Executives have attempted to spin this as good for the company, suggesting that integrating Dodge’s performance-focused engineering team into the broader pool will mean better cars across the board. But I’m worried about my favorite American brand and am wondering if anyone else on the road feels similarly.
Dodge Unleashes a Festival of Internal Combustion
In the face of an inevitable EV onslaught, Dodge is determined not to go quietly into that good night. Yesterday, they showed plans for a half-dozen Charger/Challenger special editions for its final model year in 2023, tag-teamed a shop in Florida to make Chally convertibles, and heralded the return of the Durango Hellcat.
Manual Dodge Challenger Hellcat May Be Gone for Good
Dodge decided to nix the six-speed manual for Challenger Hellcat models last November, indicating that it would be a temporary issue. The automaker allegedly planned to deliver an updated version and said it was actively calibrating the powertrain to see what worked ahead of pulling the old version from the assembly line. It was minor news and everyone following the industry promptly forgot about it, assuming three-pedal Challengers would be back in action before anyone noticed.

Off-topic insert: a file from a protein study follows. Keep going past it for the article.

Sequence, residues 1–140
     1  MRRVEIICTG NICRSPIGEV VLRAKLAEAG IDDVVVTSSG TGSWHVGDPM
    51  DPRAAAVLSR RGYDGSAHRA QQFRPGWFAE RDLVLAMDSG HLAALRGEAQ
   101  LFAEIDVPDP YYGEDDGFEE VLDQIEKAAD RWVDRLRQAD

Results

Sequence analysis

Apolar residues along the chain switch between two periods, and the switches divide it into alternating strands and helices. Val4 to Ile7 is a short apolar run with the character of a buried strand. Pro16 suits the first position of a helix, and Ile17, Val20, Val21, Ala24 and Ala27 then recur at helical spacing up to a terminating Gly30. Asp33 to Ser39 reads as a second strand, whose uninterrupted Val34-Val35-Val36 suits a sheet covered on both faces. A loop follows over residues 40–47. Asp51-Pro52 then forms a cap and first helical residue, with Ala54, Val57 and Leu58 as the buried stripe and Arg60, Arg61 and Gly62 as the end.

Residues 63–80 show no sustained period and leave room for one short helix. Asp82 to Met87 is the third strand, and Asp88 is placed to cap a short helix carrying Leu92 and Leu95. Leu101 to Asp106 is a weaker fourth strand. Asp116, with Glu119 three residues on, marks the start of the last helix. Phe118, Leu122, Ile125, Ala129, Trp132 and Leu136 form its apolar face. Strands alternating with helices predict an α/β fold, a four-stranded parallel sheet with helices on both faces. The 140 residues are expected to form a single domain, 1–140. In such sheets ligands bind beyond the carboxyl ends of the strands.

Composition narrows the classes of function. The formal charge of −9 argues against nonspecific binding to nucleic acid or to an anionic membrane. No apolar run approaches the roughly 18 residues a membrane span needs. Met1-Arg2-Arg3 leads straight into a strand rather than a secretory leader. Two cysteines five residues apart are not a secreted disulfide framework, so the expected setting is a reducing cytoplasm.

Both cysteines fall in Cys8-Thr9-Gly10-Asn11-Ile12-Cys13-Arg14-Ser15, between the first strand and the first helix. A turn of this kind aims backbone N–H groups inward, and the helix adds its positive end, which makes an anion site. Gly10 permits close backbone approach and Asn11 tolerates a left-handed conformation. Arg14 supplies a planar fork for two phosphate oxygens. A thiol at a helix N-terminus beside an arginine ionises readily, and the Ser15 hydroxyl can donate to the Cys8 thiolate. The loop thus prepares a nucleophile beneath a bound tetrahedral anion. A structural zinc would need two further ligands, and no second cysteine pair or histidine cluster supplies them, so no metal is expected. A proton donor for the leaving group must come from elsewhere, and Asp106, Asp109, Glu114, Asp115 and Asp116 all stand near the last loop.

It’s now four months later and the option is still nowhere in sight.
Dodge Challenger Finally Takes Sales Crown
For the first time since American muscle returned to the assembly line in earnest, Dodge’s Challenger has managed to outsell both the Ford Mustang and Chevrolet Camaro inside the United States. Though Mopar fans might point out that Dodge would win every year if we bothered to include Charger sales in the headcount or were more precise when making determinations about what constitutes a muscle vs pony car.